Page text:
When you build a gender from scratch, starting at the beginning, you have the luxury of creating it out of whole cloth, fluid and seamless.
Your gender education goes along with your growth, layering experience into the warp of your life. You have the support and context to create the right levels, one year building on each other. You are first, for example, a sweet girl, then a tomboy, then you are a romantic in love and then you have a period of exploration where you experiment with a whole range of possibilities and parties before you enter the demands of an adult.
For transpeople, though, we end up having to tear apart the gender we have built, needing to rip out the parts that do not fit us, then have to replace those parts with other bits of gender expression we have created later. These additions are never as strong, never as graceful and never as seamless as a gender expression that was formed through phased, supported experiences.
Our gender ends up being in tatters, ragged and threadbare. There are bits that don’t fit that we couldn’t figure out how to replace with new, and gaps where our elegance stops to be patched with fear and terror. Like a model who looks good from the front, in the places where you shouldn’t see, our gender is held together with safety pins and clothes pegs, gathered and cinched, gapped and torn in the best way that we can make do.
Since the transgender journey is such a solitary one, we don’t have the kind of feedback and shared creation that most people have when constructing a gender expression. Most people around us have already gone through what we need to do, can’t imagine building a life out of time and linearity, miss the costs and challenges in reweaving a life. They see our shabby patchwork, full of holes and scabbed in bits and it baffles them.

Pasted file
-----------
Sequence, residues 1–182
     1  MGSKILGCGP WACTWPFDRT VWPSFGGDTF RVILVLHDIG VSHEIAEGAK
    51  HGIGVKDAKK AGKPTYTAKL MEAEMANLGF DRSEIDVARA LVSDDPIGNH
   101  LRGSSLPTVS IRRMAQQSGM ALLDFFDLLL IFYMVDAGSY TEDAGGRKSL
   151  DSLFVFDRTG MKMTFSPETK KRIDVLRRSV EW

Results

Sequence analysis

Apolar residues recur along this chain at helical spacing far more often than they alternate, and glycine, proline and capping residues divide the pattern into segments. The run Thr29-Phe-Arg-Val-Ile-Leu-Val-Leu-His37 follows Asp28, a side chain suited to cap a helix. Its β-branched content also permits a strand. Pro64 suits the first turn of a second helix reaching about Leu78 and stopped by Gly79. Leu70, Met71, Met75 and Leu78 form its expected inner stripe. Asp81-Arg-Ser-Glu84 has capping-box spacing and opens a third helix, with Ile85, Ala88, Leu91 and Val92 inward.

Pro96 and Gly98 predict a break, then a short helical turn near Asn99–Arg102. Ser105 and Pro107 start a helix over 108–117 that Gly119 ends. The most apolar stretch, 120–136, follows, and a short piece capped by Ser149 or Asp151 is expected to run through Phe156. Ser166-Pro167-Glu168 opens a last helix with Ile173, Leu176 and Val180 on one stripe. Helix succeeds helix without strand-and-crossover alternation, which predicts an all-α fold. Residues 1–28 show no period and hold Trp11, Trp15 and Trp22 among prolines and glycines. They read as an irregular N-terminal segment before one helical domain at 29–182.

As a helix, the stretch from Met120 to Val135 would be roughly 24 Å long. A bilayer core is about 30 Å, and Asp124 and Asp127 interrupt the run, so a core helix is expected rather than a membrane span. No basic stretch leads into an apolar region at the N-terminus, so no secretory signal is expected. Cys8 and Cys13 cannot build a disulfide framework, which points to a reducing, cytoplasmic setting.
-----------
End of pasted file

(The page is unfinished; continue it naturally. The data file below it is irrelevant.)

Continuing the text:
Every transperson understands the cost, the loss of being denied gendering which fits their heart along with their peers. They watched people around them doing the work that called them but were instead struggling to get into a gender that didn’t fit them, a gender that required massive amounts of denial and hiding. Being shamed into the closet, we lost the opportunity to grow in a healthy progression, binding our heart rather than blossom in it.
For many of us, we will never have the opportunity to experience our gender expression in a relaxed, safe and healthy way. Our bodies bear the marks of our puberty, leaving us visibly trans in the world and always waiting for the third gotcha. We can’t just assimilate into a gender that fits us because there is always a trap, someone who can’t value the shape of our heart over the shape of our birth genitalia. We try to weave new and then feel our work ripped apart by a world that clings to binaries, to convention, to limits.
Every gender expression has appliques and repairs, but most start with whole cloth. Transpeople are patchwork dolls, having remade ourselves in the best way we know how, but always suffering from being created out of time and process, from being stitched out of what we can find, from having gaps or bits that will never smoothly fit into our design.
We create a life that is always in tatters, never quite complete, always in need of recreation and mending. It is, though, still our own handmade life, full of character and the kind of direct ownership that only a bespoke expression can be. Rather than struggling to fit into an off-the-rack gender expression, we have to make our own, for good or for bad.
Usually this means that parts of our creation are breathtaking, perfect and elegant, while other bits are torn, tattered and raw. It is the best we can do, never perfect, but always a brave attempt.
Gender is always collage, taking bits from all over, but when you have to do it out of time, not weaving it in order but having to go back, pick out the wrong and kludge in the better, always facing the limits of retrofitting a life, tatters are sure to be part of the work.